Biological Hybrid Materials for Drug Delivery System


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We have attempted to realize new biomolecular-inorganic nanohybrids with two different functions, one from inorganic moiety and the other from biological one. Recently we were quite successful in demonstrating that a two-dimensional inorganic compound like layered double hydroxide (LDH) can be used as gene or drug delivery carriers. Such inorganic vectors are completely new and different from conventionally developed ones such as viral-based, naked, and cationic liposomes, those which are limited in certain cases of applications due to their toxicity, immunogenecity, poor integration, and etc. But the mentioned problems can be overcome by synthesizing inorganic vectors properly with non-toxic metal ions having biological compatibility. Since LDHs with positive layer charge have an anion exchange capacity, functional biomolecules with a negative charge can be intercalated into hydroxide layers of LDH by a simple ion-exchange reaction to form a bio-LDH nanohybrid. We also found that the hydroxide layers of LDHs could protect the intercalated molecules very efficiently. If necessary, inorganic materials, as reservoir and delivery carrier, can be intentionally removed by dissolving it in an acidic which offer a way of recovering the encapsulated biomolecules. The possible roles of inorganic lattice as the gene and drug delivery carrier will be shown by demonstrating the cellular uptake experiments of FITC, fluorophore, with laser scanning confocal fluorescence microscopy. A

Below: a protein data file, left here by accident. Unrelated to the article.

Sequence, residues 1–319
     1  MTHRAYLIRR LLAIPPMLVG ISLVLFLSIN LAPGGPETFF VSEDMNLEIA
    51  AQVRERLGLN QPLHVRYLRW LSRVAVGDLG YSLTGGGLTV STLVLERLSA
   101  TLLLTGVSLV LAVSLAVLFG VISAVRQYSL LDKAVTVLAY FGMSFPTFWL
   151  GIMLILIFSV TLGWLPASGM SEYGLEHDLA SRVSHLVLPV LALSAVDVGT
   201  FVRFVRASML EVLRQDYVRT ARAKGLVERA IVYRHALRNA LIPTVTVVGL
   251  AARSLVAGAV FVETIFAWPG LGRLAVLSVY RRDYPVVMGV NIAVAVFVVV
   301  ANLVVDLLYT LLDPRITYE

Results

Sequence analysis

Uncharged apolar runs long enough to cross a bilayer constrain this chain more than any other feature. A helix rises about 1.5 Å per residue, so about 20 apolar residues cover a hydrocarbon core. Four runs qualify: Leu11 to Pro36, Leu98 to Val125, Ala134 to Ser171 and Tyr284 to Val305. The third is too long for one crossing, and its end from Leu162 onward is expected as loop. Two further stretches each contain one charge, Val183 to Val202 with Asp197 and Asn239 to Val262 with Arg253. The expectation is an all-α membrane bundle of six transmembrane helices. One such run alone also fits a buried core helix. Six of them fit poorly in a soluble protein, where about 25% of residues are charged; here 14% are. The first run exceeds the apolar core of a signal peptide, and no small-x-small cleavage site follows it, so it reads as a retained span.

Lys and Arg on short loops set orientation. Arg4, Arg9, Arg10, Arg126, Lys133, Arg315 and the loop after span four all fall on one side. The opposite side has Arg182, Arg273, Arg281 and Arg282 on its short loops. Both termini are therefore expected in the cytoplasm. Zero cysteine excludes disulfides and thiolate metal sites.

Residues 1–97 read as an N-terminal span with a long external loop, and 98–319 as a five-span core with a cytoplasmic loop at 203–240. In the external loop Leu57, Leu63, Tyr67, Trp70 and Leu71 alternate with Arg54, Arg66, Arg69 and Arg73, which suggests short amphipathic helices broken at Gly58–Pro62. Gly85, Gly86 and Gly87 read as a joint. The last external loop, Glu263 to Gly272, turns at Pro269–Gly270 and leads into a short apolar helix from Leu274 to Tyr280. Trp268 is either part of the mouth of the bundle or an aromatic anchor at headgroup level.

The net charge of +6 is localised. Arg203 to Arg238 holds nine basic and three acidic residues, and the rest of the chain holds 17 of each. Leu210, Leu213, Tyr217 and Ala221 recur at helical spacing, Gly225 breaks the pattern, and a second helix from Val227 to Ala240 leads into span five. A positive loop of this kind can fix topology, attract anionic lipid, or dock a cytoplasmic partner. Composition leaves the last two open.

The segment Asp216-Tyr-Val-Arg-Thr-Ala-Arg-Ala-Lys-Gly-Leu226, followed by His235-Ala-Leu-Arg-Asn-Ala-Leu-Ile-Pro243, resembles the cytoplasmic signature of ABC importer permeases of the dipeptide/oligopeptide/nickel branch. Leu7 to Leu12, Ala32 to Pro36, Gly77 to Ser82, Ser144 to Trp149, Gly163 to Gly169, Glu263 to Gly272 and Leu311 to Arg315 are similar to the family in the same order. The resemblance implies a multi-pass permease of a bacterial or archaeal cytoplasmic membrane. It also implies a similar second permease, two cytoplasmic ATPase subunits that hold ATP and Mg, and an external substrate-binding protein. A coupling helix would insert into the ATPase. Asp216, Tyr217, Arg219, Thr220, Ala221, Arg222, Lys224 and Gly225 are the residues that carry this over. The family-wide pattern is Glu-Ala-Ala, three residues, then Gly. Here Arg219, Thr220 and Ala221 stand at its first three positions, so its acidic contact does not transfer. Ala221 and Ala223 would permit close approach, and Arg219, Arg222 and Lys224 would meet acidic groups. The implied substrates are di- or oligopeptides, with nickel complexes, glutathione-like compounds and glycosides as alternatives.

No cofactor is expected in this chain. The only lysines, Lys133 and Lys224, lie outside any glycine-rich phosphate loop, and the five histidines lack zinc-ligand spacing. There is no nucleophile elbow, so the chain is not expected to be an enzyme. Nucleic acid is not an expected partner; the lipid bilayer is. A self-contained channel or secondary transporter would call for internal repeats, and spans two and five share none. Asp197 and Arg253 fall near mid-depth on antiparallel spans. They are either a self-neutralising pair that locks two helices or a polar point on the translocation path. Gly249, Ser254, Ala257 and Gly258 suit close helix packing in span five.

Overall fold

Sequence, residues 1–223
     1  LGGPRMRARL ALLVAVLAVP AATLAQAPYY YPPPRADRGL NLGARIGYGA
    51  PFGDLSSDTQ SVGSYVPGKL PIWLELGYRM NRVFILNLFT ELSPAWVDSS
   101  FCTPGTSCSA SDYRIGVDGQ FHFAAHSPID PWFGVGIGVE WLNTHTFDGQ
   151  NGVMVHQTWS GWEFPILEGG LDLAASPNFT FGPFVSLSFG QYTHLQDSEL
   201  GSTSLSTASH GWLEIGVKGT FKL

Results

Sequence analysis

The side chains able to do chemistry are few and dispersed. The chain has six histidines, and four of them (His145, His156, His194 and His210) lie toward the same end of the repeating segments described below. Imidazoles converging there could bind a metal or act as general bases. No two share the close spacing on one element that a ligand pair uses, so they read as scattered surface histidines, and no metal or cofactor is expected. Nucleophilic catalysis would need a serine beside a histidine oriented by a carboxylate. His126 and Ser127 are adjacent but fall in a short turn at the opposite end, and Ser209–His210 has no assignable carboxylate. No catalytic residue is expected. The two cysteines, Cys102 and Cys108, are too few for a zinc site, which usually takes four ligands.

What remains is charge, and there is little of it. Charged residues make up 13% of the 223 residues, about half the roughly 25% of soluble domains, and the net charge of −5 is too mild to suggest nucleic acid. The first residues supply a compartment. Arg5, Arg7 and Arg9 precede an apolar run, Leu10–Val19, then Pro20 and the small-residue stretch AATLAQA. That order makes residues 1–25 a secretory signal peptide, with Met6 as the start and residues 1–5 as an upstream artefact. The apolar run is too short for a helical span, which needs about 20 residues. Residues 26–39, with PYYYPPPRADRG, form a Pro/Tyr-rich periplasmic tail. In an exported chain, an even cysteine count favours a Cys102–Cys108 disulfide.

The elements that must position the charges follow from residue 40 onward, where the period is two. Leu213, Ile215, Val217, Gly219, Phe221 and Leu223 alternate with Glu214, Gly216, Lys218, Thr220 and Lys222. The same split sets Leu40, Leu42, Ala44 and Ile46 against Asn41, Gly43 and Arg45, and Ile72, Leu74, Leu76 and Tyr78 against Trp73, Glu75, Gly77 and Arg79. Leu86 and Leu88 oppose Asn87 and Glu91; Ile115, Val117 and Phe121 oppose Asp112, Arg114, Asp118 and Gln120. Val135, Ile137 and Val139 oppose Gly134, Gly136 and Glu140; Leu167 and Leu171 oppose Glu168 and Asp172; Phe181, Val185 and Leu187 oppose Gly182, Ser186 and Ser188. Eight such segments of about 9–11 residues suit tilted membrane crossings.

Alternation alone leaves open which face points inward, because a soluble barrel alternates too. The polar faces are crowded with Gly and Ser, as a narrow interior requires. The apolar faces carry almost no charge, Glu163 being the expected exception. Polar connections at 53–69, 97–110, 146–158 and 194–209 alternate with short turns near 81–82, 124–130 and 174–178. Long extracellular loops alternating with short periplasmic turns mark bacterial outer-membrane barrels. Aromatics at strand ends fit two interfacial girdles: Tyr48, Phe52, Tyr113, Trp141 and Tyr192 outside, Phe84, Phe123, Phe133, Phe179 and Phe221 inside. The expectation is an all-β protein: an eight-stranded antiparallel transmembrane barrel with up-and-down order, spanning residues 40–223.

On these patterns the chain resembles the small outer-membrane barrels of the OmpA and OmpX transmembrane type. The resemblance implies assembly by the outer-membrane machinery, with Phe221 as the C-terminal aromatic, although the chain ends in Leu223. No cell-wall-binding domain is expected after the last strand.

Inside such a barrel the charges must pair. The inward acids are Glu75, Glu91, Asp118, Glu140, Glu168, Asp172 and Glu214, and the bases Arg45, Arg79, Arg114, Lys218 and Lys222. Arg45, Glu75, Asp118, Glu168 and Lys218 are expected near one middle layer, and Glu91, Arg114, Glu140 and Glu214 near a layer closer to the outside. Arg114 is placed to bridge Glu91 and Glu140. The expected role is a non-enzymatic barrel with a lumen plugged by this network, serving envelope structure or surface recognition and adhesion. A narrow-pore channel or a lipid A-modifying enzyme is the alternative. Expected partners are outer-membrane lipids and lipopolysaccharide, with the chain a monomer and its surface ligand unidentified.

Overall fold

Solid State Phenomena (Volume 111)

Edited by:

Cheng-Jun Sun, Jun Ding, Manoj Gupta, Gan-Moog Chow, Lynn Kurihara and Lawrence Kabacoff






J. H. Choy "Biological Hybrid Materials for Drug Delivery System", Solid State Phenomena, Vol. 111, pp. 1-6, 2006

Online since:

April 2006





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